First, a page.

Ductile high strength steel developed in WMG project

Test: The ductile vs brittle fracture of steel The cup and cone fracture shows the plasicity and ductility exhibited in the lower strength steel, while the high strength steel's brittle fracture snaps, which is more akin to glass
A project funded by the WMG centre for High Value Manufacturing (HVM) Catapult has developed a process to make high-strength steel without the usual trade-off of increased brittleness.

Researcher, Dr Alireza Rahnama, developed the processing that allows low density steel-based alloys to be produced with ‘maximum strength’, whilst remaining durable and flexible – something that has remained largely impossible until now.

Current processes for strengthening steels make them less flexible, which in turn makes them less applicable to wider industry.

Dr Rahnama, said: “Alloys with higher strength and ductility could alleviate some of these concerns by reducing weight and improving energy efficiency. Lightweight steels are one of the candidates to address these concerns.”

Two lightweight steels were tested for their potential to achieve maximum strength and ductility: Fe-15Mn-10Al-0.8C-5Ni and Fe-15Mn-10Al-0.8C.

During production, two brittle phases can occur in these steels: kappa-carbide (k-carbide) and B2 intermetallic. These make the steels hard, but limit their ductility, making them difficult to process using traditional means such as hot or cold rolling.

Through simulation and then experimentation, the WMG researcher group found that at certain high annealing temperatures, the brittle phases become much more controllable, allowing the steels to retain their ductility.

Between 900°C to 1200°C, the k-carbide phase can be removed from production, and the B2 intermetallic brittle phase can become manageable, forming in a disk-like, nano-sized morphology, as opposed to the coarser product that forms at lower temperatures.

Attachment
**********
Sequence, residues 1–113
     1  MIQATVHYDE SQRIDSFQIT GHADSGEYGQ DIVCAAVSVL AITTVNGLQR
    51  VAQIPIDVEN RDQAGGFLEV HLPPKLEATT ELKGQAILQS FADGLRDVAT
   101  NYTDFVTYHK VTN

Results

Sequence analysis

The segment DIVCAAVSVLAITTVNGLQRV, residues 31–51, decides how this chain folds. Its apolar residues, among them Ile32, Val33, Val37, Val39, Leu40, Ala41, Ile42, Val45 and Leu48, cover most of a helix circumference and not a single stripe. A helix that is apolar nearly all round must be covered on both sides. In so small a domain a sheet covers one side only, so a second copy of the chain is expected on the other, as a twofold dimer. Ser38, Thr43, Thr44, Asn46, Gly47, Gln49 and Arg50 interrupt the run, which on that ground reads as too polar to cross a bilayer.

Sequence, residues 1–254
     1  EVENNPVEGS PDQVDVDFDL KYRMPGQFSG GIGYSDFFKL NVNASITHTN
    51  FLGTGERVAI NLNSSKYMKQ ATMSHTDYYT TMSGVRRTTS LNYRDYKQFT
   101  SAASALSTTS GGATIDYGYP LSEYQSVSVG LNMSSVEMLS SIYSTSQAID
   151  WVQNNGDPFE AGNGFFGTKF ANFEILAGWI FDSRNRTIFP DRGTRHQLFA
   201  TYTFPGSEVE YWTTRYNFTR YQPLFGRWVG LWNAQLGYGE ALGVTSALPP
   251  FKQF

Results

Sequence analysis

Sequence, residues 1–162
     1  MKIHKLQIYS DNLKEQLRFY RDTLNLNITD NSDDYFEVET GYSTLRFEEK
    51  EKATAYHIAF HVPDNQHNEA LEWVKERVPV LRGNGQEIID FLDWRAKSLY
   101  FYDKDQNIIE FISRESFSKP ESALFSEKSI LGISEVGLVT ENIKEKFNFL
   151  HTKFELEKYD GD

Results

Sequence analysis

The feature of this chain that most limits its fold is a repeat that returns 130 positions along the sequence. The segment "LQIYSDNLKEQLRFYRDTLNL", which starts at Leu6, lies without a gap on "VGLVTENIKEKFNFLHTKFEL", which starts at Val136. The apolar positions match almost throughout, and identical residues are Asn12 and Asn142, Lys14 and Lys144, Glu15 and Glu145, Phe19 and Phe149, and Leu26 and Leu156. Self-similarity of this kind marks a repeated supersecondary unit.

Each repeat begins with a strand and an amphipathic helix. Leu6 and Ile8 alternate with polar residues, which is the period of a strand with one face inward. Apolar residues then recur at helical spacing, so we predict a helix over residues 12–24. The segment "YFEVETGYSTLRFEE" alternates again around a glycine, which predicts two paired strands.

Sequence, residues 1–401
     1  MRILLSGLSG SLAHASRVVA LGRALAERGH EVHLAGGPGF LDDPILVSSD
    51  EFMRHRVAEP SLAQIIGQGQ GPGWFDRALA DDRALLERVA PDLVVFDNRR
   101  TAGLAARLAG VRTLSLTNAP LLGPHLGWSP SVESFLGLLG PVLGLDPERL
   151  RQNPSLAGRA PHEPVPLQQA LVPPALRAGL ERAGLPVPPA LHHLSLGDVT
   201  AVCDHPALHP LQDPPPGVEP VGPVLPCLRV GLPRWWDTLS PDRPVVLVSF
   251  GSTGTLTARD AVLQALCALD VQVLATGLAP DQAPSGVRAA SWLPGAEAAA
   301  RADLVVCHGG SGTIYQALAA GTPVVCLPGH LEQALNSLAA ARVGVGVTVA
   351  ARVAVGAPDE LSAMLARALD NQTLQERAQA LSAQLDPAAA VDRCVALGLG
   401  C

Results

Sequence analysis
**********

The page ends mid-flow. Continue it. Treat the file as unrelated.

Dr Rahnama, said: “Most metallurgical mechanisms for increasing strength lead to ductility loss, an effect referred to as the strength-ductility trade-off. This paper studies the kinetics and thermodynamics of microstructural evolution of lightweight steels through simulations and experiments and proposes a mechanism to achieve higher strength and larger ductility; a method that can be readily adopted by industry.”

The research, ‘Effect of Ni alloying on the microstructural evolution and mechanical properties of two duplex light-weight steels during different annealing temperatures: experiment and phase-field simulation’, is published in Acta Materialia.

It is co-authored by Dr Hiren Kotadia and Professor Seetharaman Sridhar.

Author
Justin Cunningham

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Advanced high-strength steels have both excellent strength and ductility.

Comment Satyam Impex, 16/11/2017
Enjoyed reading the article above, really explains everything in detail. This article discusses the development of Ductile high strength steel & its importance.

Comment bhairavsteel, 02/11/2017
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